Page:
Three Ways Trump's Tax "Cuts" Will Raise Taxes
Tags Financial MarketsMoney and BanksTaxes and SpendingMoney and BankingPolitical Theory
Tax cuts are great when they are actually tax cuts. In a system with a central bank, though, tax cuts are never tax cuts if there are no spending cuts to accompany them. This is because tax cuts without spending cuts simply mean more deficit spending.
Unfortunately, it is clear that under Trump the federal government has every intention of spending as it always has. Indeed, the Trump administration plans to spend even more than its predecessors by raising military spending without making any sizable cuts to any other program.
So what does it mean if the government plans to spend more but says it will cut its revenue via tax cuts? It means there will be more deficit spending. And, contrary to what Dick Cheney may think, deficits do matter, and they mean higher costs for many millions of Americans.
If we define a "tax" as a cost imposed on Americans by the government, then Trump's tax cuts will do nothing to lower these costs, and will only increase them in at least three ways:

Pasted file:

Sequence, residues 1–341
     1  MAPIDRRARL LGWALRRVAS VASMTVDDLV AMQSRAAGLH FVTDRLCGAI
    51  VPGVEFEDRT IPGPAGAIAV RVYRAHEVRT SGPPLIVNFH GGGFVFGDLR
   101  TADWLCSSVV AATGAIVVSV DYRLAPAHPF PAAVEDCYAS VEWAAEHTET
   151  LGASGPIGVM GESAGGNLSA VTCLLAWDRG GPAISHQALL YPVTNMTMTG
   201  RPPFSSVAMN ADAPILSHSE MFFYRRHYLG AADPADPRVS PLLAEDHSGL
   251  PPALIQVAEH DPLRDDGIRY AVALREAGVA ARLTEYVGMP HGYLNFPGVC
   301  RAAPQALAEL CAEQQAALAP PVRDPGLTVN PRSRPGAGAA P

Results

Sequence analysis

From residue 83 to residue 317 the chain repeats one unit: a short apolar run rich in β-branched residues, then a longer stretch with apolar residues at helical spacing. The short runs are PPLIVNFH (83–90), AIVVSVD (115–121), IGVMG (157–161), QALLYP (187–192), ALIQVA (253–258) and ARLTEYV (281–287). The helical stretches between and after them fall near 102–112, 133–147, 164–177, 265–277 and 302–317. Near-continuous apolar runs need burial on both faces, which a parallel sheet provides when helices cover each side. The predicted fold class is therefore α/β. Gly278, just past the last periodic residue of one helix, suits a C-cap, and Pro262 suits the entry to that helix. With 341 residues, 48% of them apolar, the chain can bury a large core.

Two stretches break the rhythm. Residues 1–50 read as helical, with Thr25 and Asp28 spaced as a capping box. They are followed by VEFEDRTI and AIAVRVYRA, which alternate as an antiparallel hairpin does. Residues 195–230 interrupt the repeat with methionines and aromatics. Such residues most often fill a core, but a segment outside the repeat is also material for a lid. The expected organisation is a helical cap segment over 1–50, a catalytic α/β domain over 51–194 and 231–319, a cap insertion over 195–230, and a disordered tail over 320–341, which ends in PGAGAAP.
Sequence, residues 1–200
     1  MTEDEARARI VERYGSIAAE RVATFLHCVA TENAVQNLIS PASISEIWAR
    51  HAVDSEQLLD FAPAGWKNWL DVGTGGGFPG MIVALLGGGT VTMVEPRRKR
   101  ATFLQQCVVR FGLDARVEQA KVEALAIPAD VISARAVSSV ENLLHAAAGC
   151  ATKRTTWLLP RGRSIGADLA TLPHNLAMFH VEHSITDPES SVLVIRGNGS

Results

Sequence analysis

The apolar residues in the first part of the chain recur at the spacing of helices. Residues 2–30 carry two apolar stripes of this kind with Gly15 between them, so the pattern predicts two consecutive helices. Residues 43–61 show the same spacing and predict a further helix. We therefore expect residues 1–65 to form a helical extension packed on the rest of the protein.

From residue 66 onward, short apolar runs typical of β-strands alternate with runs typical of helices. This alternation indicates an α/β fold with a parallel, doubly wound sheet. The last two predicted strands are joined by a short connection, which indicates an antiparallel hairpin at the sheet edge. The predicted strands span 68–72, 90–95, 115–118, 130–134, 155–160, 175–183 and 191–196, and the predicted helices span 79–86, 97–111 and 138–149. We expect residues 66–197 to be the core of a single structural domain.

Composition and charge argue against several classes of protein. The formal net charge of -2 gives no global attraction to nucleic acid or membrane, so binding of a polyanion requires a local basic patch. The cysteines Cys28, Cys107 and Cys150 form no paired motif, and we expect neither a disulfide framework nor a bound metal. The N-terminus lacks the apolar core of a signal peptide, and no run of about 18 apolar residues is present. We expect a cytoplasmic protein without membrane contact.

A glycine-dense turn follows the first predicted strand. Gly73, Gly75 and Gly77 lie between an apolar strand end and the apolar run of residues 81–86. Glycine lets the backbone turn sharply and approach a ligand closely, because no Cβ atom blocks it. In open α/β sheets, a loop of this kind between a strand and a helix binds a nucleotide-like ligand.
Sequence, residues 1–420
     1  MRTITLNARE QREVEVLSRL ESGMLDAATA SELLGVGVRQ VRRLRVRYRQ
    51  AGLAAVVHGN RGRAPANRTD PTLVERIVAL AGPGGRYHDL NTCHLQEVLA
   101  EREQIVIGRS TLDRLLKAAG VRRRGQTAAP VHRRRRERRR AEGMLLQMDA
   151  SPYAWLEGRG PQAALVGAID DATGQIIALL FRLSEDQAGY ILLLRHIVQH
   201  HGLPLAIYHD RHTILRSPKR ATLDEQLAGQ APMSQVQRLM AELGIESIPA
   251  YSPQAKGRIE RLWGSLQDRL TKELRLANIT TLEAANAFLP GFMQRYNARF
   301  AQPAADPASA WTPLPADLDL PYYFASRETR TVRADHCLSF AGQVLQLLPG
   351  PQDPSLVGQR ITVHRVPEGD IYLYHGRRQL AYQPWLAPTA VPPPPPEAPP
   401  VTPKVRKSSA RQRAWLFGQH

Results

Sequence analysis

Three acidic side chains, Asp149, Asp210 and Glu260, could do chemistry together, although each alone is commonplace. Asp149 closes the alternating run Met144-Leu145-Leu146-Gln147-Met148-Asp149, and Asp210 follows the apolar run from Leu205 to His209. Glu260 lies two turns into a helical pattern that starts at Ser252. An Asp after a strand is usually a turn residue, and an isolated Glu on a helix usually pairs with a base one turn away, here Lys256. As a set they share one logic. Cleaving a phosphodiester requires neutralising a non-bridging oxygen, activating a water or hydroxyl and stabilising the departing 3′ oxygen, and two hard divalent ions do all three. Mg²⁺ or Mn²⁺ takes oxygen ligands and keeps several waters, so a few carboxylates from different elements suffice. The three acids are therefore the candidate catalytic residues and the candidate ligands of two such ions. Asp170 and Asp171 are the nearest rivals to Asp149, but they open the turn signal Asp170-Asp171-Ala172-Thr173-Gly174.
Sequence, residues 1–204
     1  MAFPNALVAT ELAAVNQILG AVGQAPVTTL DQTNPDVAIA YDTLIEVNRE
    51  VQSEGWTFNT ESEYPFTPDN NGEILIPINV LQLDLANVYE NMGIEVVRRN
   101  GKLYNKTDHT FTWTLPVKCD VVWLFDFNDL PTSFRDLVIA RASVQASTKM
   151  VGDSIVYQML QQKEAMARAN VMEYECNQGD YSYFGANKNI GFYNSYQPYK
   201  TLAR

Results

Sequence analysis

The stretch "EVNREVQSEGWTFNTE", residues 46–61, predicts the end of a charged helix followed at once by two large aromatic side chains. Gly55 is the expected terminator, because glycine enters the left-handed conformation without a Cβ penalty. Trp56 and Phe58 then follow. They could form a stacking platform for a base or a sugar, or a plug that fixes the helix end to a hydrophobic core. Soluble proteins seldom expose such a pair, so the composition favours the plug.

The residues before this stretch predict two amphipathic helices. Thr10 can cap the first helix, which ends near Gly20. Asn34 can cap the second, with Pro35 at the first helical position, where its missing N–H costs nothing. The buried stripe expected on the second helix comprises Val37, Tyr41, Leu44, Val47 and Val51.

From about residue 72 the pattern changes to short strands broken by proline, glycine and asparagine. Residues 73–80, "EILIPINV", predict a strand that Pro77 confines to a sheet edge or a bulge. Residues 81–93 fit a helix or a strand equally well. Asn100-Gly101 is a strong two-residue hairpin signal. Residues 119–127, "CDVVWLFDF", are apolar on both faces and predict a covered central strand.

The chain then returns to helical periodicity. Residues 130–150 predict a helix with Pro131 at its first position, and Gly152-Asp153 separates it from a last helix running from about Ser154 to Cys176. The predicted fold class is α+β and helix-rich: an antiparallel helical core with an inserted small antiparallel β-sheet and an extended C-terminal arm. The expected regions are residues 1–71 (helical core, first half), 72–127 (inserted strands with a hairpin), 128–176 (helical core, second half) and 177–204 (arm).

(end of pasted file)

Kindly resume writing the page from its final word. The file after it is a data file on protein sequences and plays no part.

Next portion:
- More deficits mean more borrowing, which means the taxpayers will have to pay for more to service the debt.
- Since the US is already deeply in debt and has a central bank, the Fed will increase the money supply to help pay for the deficits, thus foisting onto Americans higher taxes in the form of the stealth "inflation tax."
- Continued high levels of government spending will continue to drive up prices of goods and services that the government wants.
Let's look at each effect in more detail.
Even without a central bank to monetize the debt, more borrowing means more taxes. It just means the tax bill has been pushed out into the future.
For example, in fiscal year 2015, 6 percent of the federal budget went to paying interest on debt. That's about $221 billion, or more than one-fourth of the entire defense budget.
Moreover, the constant flooding of the market with government bonds entices investors away from private sector investments and moves them toward government debt instead. Since governments have the power to tax, government debt is often more attractive than private debt.
As a result, it becomes more difficult for small businesses and other private enterprises to find investors and to fund private projects. This can still be done, of course, but private businesses must offer higher returns to compete with government bonds.
Thanks to deficit spending, there's less private sector investment to go around.
The "Inflation Tax"